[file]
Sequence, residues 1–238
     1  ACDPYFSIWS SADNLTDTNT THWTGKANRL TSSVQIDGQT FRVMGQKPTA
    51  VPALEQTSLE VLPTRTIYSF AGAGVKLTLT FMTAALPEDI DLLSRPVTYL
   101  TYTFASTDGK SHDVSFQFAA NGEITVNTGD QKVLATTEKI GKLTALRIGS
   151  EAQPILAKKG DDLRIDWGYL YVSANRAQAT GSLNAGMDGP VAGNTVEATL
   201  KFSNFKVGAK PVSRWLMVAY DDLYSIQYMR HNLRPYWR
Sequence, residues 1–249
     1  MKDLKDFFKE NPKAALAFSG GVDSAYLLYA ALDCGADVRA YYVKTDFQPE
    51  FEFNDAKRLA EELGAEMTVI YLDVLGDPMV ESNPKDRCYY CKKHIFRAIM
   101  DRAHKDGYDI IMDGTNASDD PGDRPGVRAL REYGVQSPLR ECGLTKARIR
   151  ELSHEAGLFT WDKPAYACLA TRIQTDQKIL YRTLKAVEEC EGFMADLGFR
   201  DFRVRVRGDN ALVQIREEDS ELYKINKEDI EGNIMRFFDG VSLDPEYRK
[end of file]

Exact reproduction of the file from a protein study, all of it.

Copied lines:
Sequence, residues 1–238
     1  ACDPYFSIWS SADNLTDTNT THWTGKANRL TSSVQIDGQT FRVMGQKPTA
    51  VPALEQTSLE VLPTRTIYSF AGAGVKLTLT FMTAALPEDI DLLSRPVTYL
   101  TYTFASTDGK SHDVSFQFAA NGEITVNTGD QKVLATTEKI GKLTALRIGS
   151  EAQPILAKKG DDLRIDWGYL YVSANRAQAT GSLNAGMDGP VAGNTVEATL
   201  KFSNFKVGAK PVSRWLMVAY DDLYSIQYMR HNLRPYWR
Sequence, residues 1–249
     1  MKDLKDFFKE NPKAALAFSG GVDSAYLLYA ALDCGADVRA YYVKTDFQPE
    51  FEFNDAKRLA EELGAEMTVI YLDVLGDPMV ESNPKDRCYY CKKHIFRAIM
   101  DRAHKDGYDI IMDGTNASDD PGDRPGVRAL REYGVQSPLR ECGLTKARIR
   151  ELSHEAGLFT WDKPAYACLA TRIQTDQKIL YRTLKAVEEC EGFMADLGFR
   201  DFRVRVRGDN ALVQIREEDS ELYKINKEDI EGNIMRFFDG VSLDPEYRK